Audience: Young adult historical fiction fantasy, a little language, some violence, some kisses and lewd commentary
Length: 363 pages
Author: Katherine Arden
Publisher: Del Ray
Release Date: December 5th, 2017
Image & Other Reviews on: Goodreads
The magical adventure begun in The Bear and the Nightingale continues as brave Vasya, now a young woman, is forced to choose between marriage or life in a convent and instead flees her home—but soon finds herself called upon to help defend the city of Moscow when it comes under siege.
Orphaned and cast out as a witch by her village, Vasya’s options are few: resign herself to life in a convent, or allow her older sister to make her a match with a Moscovite prince. Both doom her to life in a tower, cut off from the vast world she longs to explore. So instead she chooses adventure, disguising herself as a boy and riding her horse into the woods. When a battle with some bandits who have been terrorizing the countryside earns her the admiration of the Grand Prince of Moscow, she must carefully guard the secret of her gender to remain in his good graces—even as she realizes his kingdom is under threat from mysterious forces only she will be able to stop.
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OH THE ADVENTURE.
I read the first book in this series over a year ago and remembered enjoying it, but thinking, WHOA that was a lot of story. The Girl in the Tower exceeded my expectations for a middle novel. I was able to be even more immersed in the story because I understood the characters and plot much better after The Bear and the Nightingale.
Vasya is a strong heroine. Not letting her life be put into a box of marriage or a convent, she rides out for her own adventure. And what wanderlust she found! The prose and descriptions of vast Russia are beautiful. Arden interweaves world building and commentary so well you get swept away.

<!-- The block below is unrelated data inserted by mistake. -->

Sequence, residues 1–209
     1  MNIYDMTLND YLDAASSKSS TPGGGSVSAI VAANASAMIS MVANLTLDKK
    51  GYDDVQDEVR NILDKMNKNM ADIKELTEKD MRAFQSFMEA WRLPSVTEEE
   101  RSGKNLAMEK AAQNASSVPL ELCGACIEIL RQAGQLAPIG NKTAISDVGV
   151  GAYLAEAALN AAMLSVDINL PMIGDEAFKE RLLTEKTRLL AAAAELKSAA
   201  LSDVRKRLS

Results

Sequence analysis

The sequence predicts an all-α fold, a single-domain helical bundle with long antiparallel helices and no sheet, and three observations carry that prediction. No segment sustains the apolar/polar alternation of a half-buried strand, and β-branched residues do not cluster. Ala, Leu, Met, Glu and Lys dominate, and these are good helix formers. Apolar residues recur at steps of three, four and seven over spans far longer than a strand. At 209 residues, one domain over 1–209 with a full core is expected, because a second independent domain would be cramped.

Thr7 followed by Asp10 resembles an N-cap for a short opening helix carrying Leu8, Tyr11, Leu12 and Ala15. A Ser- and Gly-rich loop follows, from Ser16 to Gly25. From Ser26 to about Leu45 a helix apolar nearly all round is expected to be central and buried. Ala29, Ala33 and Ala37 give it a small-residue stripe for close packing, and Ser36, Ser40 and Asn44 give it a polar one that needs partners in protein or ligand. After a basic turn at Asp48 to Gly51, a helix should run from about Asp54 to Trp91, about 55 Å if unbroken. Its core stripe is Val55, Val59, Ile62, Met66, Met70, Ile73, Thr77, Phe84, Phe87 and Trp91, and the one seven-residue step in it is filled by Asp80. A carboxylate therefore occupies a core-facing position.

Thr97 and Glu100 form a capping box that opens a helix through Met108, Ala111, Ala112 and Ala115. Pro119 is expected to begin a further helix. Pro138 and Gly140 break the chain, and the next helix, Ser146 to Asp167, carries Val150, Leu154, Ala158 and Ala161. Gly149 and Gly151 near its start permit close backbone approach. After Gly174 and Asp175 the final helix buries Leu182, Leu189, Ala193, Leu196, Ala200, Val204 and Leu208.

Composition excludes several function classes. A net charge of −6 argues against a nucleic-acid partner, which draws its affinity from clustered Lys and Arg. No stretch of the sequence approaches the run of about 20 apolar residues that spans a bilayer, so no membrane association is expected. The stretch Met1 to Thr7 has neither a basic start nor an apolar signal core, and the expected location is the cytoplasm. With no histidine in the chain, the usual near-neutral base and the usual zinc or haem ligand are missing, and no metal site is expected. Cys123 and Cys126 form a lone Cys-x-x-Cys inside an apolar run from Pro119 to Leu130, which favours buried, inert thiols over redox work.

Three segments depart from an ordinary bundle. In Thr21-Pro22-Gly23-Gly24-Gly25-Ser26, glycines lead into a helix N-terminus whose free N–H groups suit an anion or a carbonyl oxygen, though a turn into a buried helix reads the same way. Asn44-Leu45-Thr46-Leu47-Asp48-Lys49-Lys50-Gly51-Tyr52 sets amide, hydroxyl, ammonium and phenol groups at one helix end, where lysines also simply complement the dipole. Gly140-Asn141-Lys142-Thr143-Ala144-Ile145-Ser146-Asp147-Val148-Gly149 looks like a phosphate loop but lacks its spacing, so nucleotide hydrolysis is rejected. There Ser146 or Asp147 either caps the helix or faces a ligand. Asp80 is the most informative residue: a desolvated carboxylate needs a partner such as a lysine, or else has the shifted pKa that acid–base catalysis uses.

One of the few things I didn’t love was how much everything was Vasya’s fault. This death, that destruction, etc. She could’ve used a break, bless her heart. Vasilii the Brave is a heroine and deserved more praise under her guise.
The love tale woven throughout makes me giddy too. I look forward to more of Morozko and Vasya in the next book. This book isn’t heavy on the love either, and for a reader, I think that can sway them on way or another. I really appreciated the way it was set up. It stands apart from some novels too focused on the love. Vasya has so much loyalty and love for her family. It’s what makes the love with Morozko all the more sincere and tender.
Multiple POV helps you gain an understanding from many different characters. Vasya, Olya, and Sasha are a few on the group who get a momentary narrative. I always love when an author can handle so many characters at once because it enhances the story from all sides.
Can I almost mention MY LOVE FOR SOLOVEY? I want a magical horse that speaks to me. His fierce protection over Vasya gives me all the heart eyes.
I love the historical fiction aspect. Arden has degrees in Russian and tells the history and uses the aspects of names, times, and places to create a magic filled fantasy.
Overall audience notes:
- A young adult fantasy book that could easily be enjoyed be an older audience
- Sparse language, did not detract from the story
- No love scenes, some kissing scenes (all safe for work)
- Some lewd commentary about rape, and wanting to sleep with others
- Some violence with minor gore